Veterans who served in the Vietnamese War stand in formation with those who serve the 1st Squadron, 1st Cavalry Regiment presently to talk about their legacy. (U.S. Army photo by Spc. C.J. Hoskins
Winston Churchill once said, “Those who fail to learn from history are condemned to repeat it.”
The gravity of these words resonate especially with the men and women who wear the U.S. Army tape on their chest, since their work directly influences the geopolitical direction of the world.
From the beginning of time, people have passed down stories by word of mouth from generation to generation. Late last week, Iron Soldiers with the 1st Squadron, 1st Cavalry Regiment met with Veterans who had also stood in their ranks during the Vietnam War to listen to their stories.
“A meeting such as this has many purposes, but the greatest of them is having present day Soldiers understand their legacy and they are apart of something way bigger then themselves,” said Capt. Brendan Duke, assistant operations officer at the squadron. “Knowing that these men went to great lengths to ensure that I can stand where I am today gives me a sense of peace to know that what I am doing will help pave paths for those who will eventually stand even further than where I am today.”
Each Veteran was given a moment to tell their stories- the good and the bad- and when they did, it seemed as if they took a time machine and flew right back into those moments.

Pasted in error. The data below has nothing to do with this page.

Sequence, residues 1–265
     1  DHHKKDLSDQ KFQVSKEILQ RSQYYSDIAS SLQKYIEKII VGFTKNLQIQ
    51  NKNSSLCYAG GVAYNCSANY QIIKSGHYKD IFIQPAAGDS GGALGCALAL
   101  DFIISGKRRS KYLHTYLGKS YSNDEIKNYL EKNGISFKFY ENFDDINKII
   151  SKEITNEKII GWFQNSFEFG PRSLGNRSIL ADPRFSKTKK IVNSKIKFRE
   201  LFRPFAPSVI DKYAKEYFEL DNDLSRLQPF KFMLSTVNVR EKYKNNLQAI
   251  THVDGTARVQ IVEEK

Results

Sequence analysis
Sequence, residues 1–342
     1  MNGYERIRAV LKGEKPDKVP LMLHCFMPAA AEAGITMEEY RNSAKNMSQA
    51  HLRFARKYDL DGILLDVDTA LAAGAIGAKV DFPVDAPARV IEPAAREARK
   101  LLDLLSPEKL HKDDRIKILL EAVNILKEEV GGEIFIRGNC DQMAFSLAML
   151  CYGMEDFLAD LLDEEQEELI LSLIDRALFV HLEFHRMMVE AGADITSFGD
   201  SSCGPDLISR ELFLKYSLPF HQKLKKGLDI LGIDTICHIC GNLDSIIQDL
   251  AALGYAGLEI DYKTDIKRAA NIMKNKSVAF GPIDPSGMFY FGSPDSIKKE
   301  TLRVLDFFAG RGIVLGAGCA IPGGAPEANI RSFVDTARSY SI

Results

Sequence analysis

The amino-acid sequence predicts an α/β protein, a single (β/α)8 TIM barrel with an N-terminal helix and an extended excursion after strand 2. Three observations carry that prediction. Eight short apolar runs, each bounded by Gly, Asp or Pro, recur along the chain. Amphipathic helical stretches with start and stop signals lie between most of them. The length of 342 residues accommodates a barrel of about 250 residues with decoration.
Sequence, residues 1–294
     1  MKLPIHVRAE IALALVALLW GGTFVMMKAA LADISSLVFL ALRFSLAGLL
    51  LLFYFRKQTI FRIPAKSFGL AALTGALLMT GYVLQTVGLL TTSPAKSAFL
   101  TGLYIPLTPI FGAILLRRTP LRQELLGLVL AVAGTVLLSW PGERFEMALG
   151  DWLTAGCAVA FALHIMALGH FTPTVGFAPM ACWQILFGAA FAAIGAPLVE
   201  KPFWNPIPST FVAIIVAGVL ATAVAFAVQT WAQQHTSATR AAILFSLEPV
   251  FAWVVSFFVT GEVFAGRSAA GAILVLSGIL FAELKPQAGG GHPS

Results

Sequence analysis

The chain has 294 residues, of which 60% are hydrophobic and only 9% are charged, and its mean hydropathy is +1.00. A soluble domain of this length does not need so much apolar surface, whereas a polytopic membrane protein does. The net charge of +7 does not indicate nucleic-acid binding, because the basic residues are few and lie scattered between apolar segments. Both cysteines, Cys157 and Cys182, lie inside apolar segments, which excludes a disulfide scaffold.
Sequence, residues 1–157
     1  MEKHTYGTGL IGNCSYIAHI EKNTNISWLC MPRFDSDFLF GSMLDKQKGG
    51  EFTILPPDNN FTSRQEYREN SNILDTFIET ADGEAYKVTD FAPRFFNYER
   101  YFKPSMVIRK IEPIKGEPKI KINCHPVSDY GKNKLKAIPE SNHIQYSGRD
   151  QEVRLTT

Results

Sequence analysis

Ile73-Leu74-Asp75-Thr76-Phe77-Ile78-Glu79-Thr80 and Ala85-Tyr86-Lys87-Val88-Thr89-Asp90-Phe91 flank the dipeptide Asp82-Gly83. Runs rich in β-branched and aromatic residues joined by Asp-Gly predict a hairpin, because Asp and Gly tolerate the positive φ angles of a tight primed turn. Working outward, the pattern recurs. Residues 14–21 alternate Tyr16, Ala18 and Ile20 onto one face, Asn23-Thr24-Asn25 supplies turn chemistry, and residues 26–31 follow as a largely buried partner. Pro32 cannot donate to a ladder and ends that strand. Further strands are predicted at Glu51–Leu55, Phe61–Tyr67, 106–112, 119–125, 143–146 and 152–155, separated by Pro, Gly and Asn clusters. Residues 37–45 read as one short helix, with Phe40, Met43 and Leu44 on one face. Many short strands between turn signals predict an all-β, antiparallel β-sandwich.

One gentlemen said, “I took a helicopter, and I landed in hell,” as his eyes glossed over to a moment that no one in that room could begin to imagine, besides the men who walked those red dirt roads alongside him.
These men cried when asked how it felt to come back home because, for many of them, home was so far away and not even thought of as possible.
“The greatest of my accomplishments was bringing home as many men as I could,” said Maj. Walter Reed (RET), who was once the troop commander of Troop Bravo “Bandits” in Vietnam. “I wish I could of done many things different like moving my men ten meters to the left or letting that Soldier stay back on this one mission. Maybe he would have came home if I did that.”
“To live with all of these people in my mind who had faces, personalities, stories of their own and to know that they can’t stand here and tell them in their own words leaves my heart in a bad place,” said another Vietnam Veteran. “We get through it, though. We live with it, but we understand some parts of it. I didn’t understand the point of the war besides having a mission and knowing it was my duty to fulfill it.”
In the end, every Soldier who served in the war regardless of the bad moments said, “I would do it all over again in a heartbeat if I had to.”
They expressed deep concern for Soldiers who suffered from mental illnesses today, and one of the Veterans said he, “hopes that they know this is just one small part of a life that has so many folds. It is hard to get over at first, and sometimes it doesn’t get easy; but, most of the time, it is easier because we have our brothers who we can talk it through and who will understand.”
The purpose of the visit to the Iron Brigade’s headquarters was two fold: the first being to hold a reunion for these men and their Families to get together, and the second to receive a painting that the late Command Sgt. Maj. Gary Boggs painted of his time in Vietnam.
His wife, Tyra Dean, wanted to give this memento to the regiment because it represents history of great men who did something beyond themselves.
She went on to express that because we have the men and women who fight and sacrifice all over the world, we don’t have other countries entering our lands and making us feel unsafe.
“It was an honor to meet everyone of these men and their Families,” said Duke. “More events like this need to happen to remind us of how great we are as a country and, even more, how great we are as a team of brothers and sisters standing besides each other for one cause.”